char ** attributes Array of pointers to the arguments’ attributes
    unsigned long * attribute_lengths Array of attributes’ lengths

Step 5: Examine the functions

De-/Initialization:


extern “C” my_bool MyTest_init(UDF_INIT *initid, UDF_ARGS *args,
char *message)
{
// The most important thing to do here is to set up the memory
// you need…
// Say you need a lonlong type variable to keep a checksum
// although you do not need one in this case
longlong* i = new longlong; // create the variable
*i = 0; // set it to a value

// store it as a char pointer in the pointer variable
// Make sure that you don’t run into typecasting troubles later!!
initid->ptr = (char*)i;

// check the arguments format
if (args->arg_count != 1)
{
strcpy(message,”MyTest() requires one arguments”);
return 1;
}

if (args->arg_type[0] != INT_RESULT)
{
strcpy(message,”MyTest() requires an integer”);
return 1;
}
return 0;
}

extern “C” void MyTest_deinit(UDF_INIT *initid)
{
// Here you have to free the memory you allocated in the
// initialization function
delete (longlong*)initid->ptr;
}

The actual function:


extern “C” longlong MyTest(UDF_INIT *initid, UDF_ARGS *args,
char *is_null, char *error)
{
/* So, finally, this is the part were you do the real work.
This function is called for every record and the current value(s)
or better pointers to the current values are stroed in the
UDF_ARGS variable. You have to get the values, do your
calculation, and return the result.
NOTE: You can access the memory allocated in MyTest_init
through the UDF_INIT variable.
In this example, you will just add 5 to every value…*/
return *((longlong*)args->args[0])+5;
}

Step 6: All done!

Now, you have to compile the library and copy it to a directory where your OS can find it. On Windows, that would be anywhere the PATH System variable says. Personally, I use the MySQL server’s bin directory. You have to make sure that the library is in one of those directories; otherwise, MySQL can’t use it! Also, make sure to export all the functions MySQL needs!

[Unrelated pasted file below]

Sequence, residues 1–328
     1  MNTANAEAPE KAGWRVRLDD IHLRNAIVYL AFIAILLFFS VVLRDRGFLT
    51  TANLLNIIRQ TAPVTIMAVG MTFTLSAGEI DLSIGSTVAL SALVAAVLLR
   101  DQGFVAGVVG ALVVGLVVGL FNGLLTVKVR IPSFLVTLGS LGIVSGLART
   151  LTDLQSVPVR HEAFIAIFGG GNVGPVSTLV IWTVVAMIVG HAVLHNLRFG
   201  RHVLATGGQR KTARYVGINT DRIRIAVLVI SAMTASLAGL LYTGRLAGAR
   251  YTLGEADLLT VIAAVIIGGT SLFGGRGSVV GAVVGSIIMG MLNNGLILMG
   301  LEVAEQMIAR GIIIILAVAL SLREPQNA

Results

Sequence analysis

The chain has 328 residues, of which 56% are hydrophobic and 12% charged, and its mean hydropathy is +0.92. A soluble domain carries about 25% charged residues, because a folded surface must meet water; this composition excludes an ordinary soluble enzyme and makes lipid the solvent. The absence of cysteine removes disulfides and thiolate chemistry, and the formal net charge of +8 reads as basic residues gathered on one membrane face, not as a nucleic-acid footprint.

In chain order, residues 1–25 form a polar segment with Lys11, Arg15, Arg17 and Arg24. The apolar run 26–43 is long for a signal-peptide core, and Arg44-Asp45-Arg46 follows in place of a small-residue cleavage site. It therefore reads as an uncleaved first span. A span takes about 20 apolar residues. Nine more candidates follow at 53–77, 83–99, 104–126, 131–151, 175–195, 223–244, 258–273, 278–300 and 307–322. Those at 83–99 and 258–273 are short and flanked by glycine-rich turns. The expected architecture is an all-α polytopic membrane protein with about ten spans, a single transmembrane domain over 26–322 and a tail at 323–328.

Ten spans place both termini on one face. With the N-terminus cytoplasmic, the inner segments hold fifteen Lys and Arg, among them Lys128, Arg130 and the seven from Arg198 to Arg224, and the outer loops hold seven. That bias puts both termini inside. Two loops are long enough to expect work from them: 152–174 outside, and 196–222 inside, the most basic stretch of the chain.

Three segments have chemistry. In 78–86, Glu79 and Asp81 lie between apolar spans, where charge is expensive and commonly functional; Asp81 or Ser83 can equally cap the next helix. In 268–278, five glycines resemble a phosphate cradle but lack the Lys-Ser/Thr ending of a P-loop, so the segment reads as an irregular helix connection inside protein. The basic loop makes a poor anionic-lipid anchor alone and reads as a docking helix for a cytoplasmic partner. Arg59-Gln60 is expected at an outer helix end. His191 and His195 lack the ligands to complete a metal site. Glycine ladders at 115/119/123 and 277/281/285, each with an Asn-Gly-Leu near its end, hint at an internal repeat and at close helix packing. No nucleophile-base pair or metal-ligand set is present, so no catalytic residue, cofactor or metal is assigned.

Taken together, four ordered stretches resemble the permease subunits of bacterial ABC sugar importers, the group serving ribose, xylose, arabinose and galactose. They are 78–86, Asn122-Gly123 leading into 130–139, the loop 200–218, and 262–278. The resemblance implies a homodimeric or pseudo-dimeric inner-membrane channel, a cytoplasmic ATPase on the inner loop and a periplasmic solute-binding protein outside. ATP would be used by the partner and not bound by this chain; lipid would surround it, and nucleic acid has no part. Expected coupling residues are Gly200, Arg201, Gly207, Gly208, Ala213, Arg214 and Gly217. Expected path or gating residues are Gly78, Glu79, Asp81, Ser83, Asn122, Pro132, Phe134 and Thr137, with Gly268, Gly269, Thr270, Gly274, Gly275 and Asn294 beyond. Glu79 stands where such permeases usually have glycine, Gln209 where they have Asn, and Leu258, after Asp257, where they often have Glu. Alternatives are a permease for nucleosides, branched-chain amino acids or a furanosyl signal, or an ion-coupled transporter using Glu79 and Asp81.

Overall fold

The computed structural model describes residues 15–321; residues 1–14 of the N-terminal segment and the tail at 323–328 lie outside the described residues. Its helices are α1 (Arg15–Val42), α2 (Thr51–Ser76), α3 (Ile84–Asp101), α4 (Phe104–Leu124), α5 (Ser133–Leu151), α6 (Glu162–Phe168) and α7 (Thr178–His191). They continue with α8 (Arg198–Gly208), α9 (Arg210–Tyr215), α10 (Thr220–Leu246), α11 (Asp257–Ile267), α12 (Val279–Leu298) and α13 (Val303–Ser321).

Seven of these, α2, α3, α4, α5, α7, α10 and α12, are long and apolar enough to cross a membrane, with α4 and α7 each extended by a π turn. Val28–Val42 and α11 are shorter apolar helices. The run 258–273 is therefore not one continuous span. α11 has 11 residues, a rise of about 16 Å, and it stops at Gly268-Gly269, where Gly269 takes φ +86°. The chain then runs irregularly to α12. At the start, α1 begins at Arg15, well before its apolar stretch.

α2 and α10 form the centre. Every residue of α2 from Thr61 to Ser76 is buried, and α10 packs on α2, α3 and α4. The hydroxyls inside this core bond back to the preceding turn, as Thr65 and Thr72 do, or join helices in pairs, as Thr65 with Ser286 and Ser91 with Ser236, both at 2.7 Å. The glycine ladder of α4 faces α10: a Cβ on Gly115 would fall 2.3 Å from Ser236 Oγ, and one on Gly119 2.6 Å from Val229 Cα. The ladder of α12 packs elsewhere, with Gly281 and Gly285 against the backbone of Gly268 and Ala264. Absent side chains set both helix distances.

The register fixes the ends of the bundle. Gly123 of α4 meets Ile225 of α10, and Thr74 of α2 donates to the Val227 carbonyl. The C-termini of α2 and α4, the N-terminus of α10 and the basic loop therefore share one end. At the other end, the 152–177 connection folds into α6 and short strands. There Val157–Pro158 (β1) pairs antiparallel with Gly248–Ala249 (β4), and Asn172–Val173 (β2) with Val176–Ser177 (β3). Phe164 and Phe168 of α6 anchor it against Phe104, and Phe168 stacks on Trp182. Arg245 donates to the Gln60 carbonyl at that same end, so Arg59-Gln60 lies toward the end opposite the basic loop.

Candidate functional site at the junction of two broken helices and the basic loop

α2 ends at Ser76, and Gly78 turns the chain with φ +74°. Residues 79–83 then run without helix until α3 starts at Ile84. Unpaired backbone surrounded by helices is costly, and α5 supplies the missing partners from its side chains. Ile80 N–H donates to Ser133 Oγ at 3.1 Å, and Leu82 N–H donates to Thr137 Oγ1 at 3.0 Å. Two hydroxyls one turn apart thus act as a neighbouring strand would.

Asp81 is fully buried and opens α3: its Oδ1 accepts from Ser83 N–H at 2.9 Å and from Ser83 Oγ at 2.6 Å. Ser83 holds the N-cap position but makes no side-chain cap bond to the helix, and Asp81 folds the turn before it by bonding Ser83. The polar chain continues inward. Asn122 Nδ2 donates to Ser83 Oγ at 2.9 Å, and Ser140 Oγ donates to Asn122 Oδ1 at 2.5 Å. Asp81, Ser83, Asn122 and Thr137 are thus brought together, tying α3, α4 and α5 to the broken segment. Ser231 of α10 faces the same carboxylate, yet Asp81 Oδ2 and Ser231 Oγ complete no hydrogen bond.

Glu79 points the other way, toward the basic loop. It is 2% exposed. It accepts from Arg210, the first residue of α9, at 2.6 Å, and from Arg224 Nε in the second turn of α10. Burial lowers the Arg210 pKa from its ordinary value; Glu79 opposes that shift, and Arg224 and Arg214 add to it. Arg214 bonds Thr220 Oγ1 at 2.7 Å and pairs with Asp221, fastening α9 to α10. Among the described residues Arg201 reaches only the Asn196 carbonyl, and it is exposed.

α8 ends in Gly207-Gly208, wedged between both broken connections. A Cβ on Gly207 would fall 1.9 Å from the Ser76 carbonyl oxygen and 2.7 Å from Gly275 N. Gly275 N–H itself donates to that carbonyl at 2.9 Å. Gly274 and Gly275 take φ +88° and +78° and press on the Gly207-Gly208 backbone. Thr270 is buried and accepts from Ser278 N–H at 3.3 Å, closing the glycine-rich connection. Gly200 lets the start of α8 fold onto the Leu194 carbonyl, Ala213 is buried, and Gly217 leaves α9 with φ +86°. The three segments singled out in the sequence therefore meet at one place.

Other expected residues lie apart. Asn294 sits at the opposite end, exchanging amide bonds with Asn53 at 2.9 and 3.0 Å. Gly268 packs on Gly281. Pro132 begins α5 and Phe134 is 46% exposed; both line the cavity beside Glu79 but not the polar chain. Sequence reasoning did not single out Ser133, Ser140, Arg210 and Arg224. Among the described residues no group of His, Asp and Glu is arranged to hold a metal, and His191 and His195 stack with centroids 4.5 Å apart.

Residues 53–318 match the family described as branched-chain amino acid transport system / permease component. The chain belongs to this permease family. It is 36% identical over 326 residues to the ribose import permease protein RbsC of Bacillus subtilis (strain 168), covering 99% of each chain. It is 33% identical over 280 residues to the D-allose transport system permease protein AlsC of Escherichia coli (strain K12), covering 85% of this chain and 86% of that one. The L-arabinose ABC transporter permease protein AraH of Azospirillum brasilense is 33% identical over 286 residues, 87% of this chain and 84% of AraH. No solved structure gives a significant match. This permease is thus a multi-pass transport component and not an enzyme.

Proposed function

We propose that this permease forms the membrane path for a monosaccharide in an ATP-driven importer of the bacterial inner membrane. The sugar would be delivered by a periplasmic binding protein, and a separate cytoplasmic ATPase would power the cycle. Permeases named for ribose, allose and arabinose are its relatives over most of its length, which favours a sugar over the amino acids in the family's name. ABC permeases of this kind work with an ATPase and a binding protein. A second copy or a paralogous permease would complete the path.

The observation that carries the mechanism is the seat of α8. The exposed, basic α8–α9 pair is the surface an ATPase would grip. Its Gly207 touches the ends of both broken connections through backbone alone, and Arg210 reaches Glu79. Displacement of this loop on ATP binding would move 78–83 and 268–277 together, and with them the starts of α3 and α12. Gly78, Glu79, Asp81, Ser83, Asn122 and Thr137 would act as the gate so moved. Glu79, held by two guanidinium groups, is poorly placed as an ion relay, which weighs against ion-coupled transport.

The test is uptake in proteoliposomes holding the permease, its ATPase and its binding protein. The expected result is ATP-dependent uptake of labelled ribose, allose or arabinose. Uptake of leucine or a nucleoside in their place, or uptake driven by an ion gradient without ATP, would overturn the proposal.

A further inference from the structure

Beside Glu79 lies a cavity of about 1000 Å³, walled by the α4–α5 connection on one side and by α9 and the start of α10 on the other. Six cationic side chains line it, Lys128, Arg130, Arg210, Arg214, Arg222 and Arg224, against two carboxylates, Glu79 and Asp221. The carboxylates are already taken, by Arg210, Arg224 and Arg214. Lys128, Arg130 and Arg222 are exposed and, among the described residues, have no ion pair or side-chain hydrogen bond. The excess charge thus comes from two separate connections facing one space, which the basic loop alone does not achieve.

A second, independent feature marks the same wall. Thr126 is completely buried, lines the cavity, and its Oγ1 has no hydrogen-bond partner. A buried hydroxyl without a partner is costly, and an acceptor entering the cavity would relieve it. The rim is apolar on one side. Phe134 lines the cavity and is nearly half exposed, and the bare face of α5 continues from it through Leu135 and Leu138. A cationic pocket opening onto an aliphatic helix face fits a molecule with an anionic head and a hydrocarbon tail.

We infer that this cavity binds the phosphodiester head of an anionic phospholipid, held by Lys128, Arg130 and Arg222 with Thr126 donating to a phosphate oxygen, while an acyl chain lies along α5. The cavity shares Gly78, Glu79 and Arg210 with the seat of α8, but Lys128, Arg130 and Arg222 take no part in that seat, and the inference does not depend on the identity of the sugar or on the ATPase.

Step 7: Tell MySQL about it

This is really straightforward: Just execute the following SQL command:


CREATE [AGGREGATE] FUNCTION MyTest
RETURNS [INTEGER|STRING|REAL|DECIMAL]
SONAME the_libraries_exact_name

Now, you can use it like any other function.

5. Aggregate Functions

Now, some words about aggregate functions. When your UDF is an aggregate function, you have to add some more functions and some functions are used in a different way. The calling sequence is:


  1. Call MyTest_init to allocate memory (just like a normal UDF).

  2. MySQL sorts the table according to the GROUP BY statement.

  3. Call MyTest_clear for the first row in each group.

  4. Call MyTest_add for each row that belongs to the same group.

  5. Call MyTest to get the result when the group changes or the last row has been processed.

  6. Repeat Steps 3 to 5 until all rows have been processed.

  7. Call MyTest_deinit to free any used memory.

Now, look at the new functions needed for the aggregate function. In this example, you’ll simply add up all the values (like the native SUM function).


void MyTest_clear(UDF_INIT *initid, char *is_null, char *error)
{
/* The clear function resets the sum to 0 for each new group
Of course, you have to allocate a longlong variable in the init
function and assign it to the pointer as seen above */
*((longlong*)initid->ptr) = 0;
}

void MyTest_add(UDF_INIT *initid, UDF_ARGS *args, char *is_null,
char *error)
{
// For each row, the current value is added to the sum
*((longlong*)initid->ptr) = *((longlong*)initid->ptr)
+ *((longlong*)args->args[0]);
}

longlong MyTest(UDF_INIT *initid, UDF_ARGS *args, char *is_null,
char *error)
{
// And, in the end, the sum is returned
return *((longlong*)initid->ptr);
}